This is used to  specify  the  version  of  extended
                              attribute  inline  allocation policy to be used.  By
                              default, this is 2, which uses  an  efficient  algo-
                              rithm  for managing the available inline inode space
                              between attribute and extent data.
    
                              The previous version 1, which has fixed regions  for
                              attribute  and  extent  data,  is kept for backwards
                              compatibility  with  kernels  older   than   version
                              2.6.16.
    
                       projid32bit[=value]
                              This  is  used to enable 32bit quota project identi-
                              fiers. The value is either 0 or 1, with 1 signifying
                              that  32bit  projid are to be enabled.  If the value
                              is omitted, 0 is assumed.
    
           -l log_section_options
                  These options specify the location, size, and  other  parameters
                  of  the  log  section  of  the  filesystem.  The  valid log_sec-
                  tion_options are:
                       size=value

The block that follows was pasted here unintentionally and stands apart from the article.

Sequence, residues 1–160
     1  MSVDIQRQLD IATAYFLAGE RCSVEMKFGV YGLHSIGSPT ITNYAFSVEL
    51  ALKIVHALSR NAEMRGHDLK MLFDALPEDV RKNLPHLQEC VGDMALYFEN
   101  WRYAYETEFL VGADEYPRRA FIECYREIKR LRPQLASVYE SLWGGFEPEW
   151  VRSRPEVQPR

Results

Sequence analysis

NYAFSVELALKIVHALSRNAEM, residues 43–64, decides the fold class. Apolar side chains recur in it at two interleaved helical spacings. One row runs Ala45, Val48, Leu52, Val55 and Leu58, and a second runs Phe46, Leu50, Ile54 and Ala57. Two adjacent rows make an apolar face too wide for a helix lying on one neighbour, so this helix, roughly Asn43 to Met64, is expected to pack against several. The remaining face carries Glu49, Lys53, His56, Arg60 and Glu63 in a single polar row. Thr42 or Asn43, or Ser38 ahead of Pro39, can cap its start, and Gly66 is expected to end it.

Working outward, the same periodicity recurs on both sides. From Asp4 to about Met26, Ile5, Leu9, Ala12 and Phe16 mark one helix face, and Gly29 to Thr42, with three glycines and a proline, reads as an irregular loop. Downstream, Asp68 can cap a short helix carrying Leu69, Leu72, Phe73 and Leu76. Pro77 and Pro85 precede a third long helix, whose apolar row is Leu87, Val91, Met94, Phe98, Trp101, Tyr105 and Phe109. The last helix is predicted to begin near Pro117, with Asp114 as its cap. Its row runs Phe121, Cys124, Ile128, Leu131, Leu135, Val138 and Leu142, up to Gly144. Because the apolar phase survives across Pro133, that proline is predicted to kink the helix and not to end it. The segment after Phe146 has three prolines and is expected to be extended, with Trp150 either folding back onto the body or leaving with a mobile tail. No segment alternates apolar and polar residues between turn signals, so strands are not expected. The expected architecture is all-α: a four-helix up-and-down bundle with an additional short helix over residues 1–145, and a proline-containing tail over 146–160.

This is used to specify the size of the log section.
    
                              If the log is contained within the data section  and
                              size  isn't specified, mkfs.xfs will try to select a
                              suitable log size  depending  on  the  size  of  the
                              filesystem.   The  actual  logsize  depends  on  the
                              filesystem block size and the directory block  size.
    
                              Otherwise,  the size suboption is only needed if the
                              log section of the  filesystem  should  occupy  less
                              space  than  the size of the special file. The value
                              is specified in bytes or blocks,  with  a  b  suffix
                              meaning multiplication by the filesystem block size,
                              as described above. The overriding minimum value for
                              size  is  512  blocks.   With  some  combinations of